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Torment Art Team Q&A

news2017-02-16 11:12:17

We recently did a Q&A with the Torment art team where we took questions about the game! You can find the full Q&A on Facebook, or read below. Most of these answers come courtesy of our art director on the game, Charlie Bloomer. Enjoy!

We're back today with some answers from our Art Team regarding your questions. You asked some really thoughtful questions and we had an absolute pleasure answering them. We hope you're enjoying the inside scoop as much as we like providing it. Don't forget to tune in to our next Q&A to answer more of your questions!

Which critter or character in the game has the largest number of states/poses/animations?

The player characters have the most animations since they are essentially "in every scene." And as you might expect for a game like Torment that is mostly populated with bipeds, there is a fair amount of sharing of animation across the cast of characters. The creature with the most animation under the hood is the Sorrow fragment. This many-tentacled quadruped had to not only navigate but engage in combat with multiple attacks.

@ Concept Artist: During your work were you closer to the writers, or Monte Cook?

Monte Cook provided direct feedback for all aspects of the game, but for most of the day-to-day work the writers were our source for those critical details that were based on narrative or the lore of the Ninth World.

@ Storyboard Artists: Did you ever come up with any crazy angles or shots during conception that the director shut down in less than 2 seconds?

On this project, there were not many opportunities for crazy angles, etc. because we use a camera that is fairly standard for RPGs. The one place where we could be more creative with composing shots was in our mere illustrations that are peppered throughout the game. In those cases, we avoided conflicts by having the same person play both roles, storyboard art AND director... problem solved.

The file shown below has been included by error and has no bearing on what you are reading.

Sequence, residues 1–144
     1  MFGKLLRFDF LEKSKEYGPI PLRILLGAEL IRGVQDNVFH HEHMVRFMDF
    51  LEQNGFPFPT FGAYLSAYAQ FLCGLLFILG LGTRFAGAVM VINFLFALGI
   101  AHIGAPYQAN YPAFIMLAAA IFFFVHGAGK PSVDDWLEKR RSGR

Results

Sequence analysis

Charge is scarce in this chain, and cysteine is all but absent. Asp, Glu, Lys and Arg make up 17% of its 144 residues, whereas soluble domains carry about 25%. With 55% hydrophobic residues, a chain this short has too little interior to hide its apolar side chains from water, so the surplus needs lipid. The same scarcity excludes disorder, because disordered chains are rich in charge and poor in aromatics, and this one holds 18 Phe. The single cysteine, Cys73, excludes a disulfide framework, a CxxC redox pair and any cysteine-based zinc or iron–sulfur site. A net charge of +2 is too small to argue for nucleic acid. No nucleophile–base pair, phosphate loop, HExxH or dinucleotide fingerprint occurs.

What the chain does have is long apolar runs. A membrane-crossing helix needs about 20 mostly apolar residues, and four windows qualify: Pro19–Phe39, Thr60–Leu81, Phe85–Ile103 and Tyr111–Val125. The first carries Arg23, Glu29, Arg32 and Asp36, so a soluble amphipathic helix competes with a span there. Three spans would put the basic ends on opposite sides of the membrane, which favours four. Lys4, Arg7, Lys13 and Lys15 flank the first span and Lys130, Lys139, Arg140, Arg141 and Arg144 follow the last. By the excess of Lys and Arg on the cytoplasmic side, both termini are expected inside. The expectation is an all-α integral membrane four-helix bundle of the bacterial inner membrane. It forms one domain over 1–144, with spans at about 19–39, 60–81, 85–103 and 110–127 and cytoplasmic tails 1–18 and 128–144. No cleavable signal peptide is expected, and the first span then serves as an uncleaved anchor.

How did you cooperate with Monte Cook Games to find the particular Numenera art style and make it fit into Torment?

We frequently made our work-in-progress available to Monte Cook Games for review and feedback. From those exchanges we began to develop a visual vocabulary for what makes sense in the Ninth World. We were also constantly referencing several Monte Cook publications about the world of Numenera that helped to guide us about all aspects of the world of Numenera.

How has the team taken inspiration from real world cultures to develop the aesthetic of a world as conceptually far out as Numenera?

Developing a game based on Numenera was extremely freeing and enriching, considering the rules we were working with. The nature of humanity one billion years from now meant that we would be looking at some combination of elements from just about any ancient and modern culture you could think of from the world we know, and then using that as a launching place to imagine technologies and customs no one had ever seen before.

For one thing, we knew that it was important to depict humans as having evolved over the millennia to have fewer racially distinct features. We borrowed from a broad range of races and cultures to accomplish this. Alternatively, when it came to story or gameplay elements, we took the approach that anything that seemed too reminiscent of a culture or practice we'd heard of before would automatically pull us out of the ultra-futuristic tone of the Ninth World, so we made a special effort to avoid those familiar themes.